[Chofetz Chaim’s note: However, in such a matter, the Yetzer HaRa wants the person to accept the Lashon HaRa [as true, and therefore he] comes to the person and entices him [to accept the Lashon HaRa], saying: “How can I suspect that the individual who is relating the information would say something that did not occur, and which is false from its essence, or that he would add a bit of falsehood, and [thereby] transgress [the mitzvah of] “You shall distance yourself from a matter of falsehood…” (Shmos: 23; 7) In the same manner [that the Yetzer HaRa tries to encourage you to accept the Lashon HaRa, so should you respond to him: “It is better for me to suspect the informant as having spoken that which is untrue against his fellow, than for me to believe that which he told me!” For if you would have seen someone wear shatnez and who rounds off his sideburns and his beard, and, after [having noticed his secular appearance], he would then approach you and tell you that your fellow related some evil [speech] against you, wouldn’t you definitely [refuse to] accept the matter as true? [Whereupon hearing this individual relating this information against your fellow], you would respond to [him as follows]: “Leave me, I will not believe [that which you say] against my fellow! Since you [consider] the rest of the prohibitions of the Torah as ownerless as they relate to you, you have definitely [construed] the prohibition of falsehood [as being] permissible for yourself!” Isn’t the same [similarly] true [concerning the talebearer as is the case with the secular individual]? For even if the words of the speaker [of Lashon HaRa] reflect reality, [the informant has nevertheless] transgressed the Torah prohibition of “You shall not be a talebearer in your nation”, which is an exceedingly great prohibition, even when it involves the truth, as explained in all of the [works of the] poskim. As [the informant comes to transgress this great prohibition of Rechilus], he is similarly suspected of fabricating that which is false from its essence in his heart, or, at the very least, to have incorporated a bit of falsehood into the issue [related], thereby completely changing the [the information relayed].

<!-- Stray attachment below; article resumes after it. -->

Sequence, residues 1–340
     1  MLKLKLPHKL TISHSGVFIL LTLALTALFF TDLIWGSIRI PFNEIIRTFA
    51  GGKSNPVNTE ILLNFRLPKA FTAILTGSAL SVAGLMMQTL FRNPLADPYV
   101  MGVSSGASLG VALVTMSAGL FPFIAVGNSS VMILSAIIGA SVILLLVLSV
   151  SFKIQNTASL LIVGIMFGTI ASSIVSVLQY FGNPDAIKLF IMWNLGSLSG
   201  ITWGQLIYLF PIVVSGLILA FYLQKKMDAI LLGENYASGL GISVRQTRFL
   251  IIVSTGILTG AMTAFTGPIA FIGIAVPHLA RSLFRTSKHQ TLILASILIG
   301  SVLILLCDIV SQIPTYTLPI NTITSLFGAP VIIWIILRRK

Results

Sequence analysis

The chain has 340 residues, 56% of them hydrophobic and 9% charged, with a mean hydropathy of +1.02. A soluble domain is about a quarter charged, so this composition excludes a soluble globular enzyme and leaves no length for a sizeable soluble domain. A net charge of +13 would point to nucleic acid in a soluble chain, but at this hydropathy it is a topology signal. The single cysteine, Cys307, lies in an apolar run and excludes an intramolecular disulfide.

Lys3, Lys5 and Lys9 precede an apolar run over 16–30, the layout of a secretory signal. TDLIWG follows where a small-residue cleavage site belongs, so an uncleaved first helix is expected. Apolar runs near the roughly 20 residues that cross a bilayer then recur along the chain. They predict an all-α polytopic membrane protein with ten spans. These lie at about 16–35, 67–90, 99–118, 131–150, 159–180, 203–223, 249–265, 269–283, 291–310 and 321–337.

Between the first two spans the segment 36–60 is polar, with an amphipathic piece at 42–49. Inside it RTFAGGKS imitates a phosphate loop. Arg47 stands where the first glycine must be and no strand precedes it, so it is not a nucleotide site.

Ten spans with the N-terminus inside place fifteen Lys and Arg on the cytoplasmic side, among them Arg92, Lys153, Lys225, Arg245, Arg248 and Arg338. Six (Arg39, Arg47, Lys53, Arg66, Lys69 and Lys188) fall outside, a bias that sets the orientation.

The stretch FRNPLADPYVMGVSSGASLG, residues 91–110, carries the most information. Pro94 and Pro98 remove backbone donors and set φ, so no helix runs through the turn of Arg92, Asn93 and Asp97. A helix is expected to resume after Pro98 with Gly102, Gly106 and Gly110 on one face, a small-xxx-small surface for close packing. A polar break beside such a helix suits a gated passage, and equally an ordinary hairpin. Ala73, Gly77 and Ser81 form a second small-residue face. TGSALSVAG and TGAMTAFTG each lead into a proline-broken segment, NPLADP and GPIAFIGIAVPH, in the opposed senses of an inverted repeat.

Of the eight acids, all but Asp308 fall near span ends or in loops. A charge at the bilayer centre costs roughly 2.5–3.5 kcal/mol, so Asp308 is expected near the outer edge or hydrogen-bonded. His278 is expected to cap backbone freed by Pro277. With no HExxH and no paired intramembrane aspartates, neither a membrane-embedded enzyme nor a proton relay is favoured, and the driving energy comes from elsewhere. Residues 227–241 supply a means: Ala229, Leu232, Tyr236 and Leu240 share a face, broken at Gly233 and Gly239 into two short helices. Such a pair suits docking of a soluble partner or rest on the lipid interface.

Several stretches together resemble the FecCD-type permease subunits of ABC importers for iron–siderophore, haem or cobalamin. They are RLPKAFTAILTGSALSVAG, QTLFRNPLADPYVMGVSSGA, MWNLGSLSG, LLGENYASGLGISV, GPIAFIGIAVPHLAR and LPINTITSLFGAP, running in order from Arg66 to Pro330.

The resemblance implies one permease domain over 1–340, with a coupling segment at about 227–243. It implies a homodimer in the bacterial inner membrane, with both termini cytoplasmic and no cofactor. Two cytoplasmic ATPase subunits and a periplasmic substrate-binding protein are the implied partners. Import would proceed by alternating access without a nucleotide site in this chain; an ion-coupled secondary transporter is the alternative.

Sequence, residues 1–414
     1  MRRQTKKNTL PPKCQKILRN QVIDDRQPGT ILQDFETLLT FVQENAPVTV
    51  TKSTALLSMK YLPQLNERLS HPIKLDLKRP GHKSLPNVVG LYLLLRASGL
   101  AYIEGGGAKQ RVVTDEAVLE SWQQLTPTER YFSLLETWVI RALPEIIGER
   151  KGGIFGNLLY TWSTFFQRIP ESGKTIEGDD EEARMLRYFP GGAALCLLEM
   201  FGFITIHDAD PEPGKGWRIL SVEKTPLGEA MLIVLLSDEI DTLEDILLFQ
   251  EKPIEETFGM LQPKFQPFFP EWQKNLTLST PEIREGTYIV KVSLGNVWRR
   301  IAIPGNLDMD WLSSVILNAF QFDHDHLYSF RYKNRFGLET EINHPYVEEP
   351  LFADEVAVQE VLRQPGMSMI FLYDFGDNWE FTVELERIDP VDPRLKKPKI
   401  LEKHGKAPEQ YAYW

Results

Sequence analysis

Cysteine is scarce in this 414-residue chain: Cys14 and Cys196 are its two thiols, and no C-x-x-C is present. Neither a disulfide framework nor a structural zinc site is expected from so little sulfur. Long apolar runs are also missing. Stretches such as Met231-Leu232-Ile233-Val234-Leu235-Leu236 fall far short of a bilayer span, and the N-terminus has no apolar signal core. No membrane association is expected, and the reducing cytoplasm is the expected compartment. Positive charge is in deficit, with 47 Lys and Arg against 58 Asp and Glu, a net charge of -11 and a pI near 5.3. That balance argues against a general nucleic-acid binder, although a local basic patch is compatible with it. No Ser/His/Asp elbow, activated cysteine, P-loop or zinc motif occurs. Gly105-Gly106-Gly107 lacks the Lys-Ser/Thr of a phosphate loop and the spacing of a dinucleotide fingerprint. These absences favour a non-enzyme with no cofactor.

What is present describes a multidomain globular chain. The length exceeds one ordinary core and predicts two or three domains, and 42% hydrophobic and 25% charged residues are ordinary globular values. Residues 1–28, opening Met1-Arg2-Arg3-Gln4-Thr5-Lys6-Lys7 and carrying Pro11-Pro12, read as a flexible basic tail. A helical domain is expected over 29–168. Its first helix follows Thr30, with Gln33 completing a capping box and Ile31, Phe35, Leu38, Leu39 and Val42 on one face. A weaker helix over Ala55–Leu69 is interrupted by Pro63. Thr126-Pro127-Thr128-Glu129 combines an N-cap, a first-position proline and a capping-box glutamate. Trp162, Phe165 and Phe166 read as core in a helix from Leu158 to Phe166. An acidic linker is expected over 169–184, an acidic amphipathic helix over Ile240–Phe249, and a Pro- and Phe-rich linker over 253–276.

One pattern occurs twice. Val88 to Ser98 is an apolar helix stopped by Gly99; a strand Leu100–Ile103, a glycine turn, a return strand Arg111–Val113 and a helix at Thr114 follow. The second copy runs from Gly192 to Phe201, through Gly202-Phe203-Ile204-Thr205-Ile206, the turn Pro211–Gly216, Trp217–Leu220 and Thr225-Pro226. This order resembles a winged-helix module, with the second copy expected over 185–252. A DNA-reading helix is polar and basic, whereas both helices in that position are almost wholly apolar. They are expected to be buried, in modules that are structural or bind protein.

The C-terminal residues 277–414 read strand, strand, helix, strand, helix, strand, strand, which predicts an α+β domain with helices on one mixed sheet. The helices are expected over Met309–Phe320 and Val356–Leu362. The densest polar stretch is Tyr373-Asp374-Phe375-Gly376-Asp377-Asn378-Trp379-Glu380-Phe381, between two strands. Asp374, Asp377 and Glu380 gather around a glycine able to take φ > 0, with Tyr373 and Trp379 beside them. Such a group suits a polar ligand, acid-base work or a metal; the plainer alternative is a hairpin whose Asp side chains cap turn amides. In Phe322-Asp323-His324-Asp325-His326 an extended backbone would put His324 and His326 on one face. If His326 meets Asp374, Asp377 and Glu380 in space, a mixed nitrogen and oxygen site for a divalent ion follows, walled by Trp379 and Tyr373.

Shatnez is clothing which is a mixture of linen and wool. The Torah prohibits a Jew from wearing such a garment, as it says, “You shall not wear Shatnez, a mixture of wool and linen.” (Devarim: 22; 11)
 The Torah prohibitions for rounding off the sideburns and destroying the beard are stated as follows: “You shall not round off your sideburns, and you shall not destroy the edges of your beard.” (Vayikra: 19; 27) RaSh”I explains that he makes the hair level above his temple, from his forehead to behind his ears. “Destroying the edges of the beard” refers to using an implement that can destroy the beard while shaving with it, that being by using a razor.
 “Poskim” refer to decisors of Jewish law.